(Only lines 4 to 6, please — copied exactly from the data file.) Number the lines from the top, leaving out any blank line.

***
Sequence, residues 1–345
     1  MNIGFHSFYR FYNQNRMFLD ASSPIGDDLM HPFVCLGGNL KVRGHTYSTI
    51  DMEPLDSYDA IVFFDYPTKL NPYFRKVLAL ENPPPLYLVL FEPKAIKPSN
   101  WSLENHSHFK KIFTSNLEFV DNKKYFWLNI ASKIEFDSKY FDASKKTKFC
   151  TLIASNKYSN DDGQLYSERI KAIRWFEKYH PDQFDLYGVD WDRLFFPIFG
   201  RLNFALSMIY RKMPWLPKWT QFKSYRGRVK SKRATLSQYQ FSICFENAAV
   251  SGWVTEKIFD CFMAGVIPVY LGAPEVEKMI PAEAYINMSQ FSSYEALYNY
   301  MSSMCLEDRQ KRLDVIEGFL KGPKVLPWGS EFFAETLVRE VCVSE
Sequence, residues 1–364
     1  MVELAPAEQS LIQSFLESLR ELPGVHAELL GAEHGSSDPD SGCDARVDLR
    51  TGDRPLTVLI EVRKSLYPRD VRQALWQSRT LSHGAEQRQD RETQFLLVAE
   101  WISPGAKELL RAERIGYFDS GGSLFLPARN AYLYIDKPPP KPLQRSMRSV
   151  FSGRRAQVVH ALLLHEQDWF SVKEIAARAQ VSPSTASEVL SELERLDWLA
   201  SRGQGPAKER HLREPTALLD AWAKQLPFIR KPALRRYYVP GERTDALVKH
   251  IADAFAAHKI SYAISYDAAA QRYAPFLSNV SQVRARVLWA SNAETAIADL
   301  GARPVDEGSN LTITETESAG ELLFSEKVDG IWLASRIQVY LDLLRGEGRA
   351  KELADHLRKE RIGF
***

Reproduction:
   101  WSLENHSHFK KIFTSNLEFV DNKKYFWLNI ASKIEFDSKY FDASKKTKFC
   151  TLIASNKYSN DDGQLYSERI KAIRWFEKYH PDQFDLYGVD WDRLFFPIFG
   201  RLNFALSMIY RKMPWLPKWT QFKSYRGRVK SKRATLSQYQ FSICFENAAV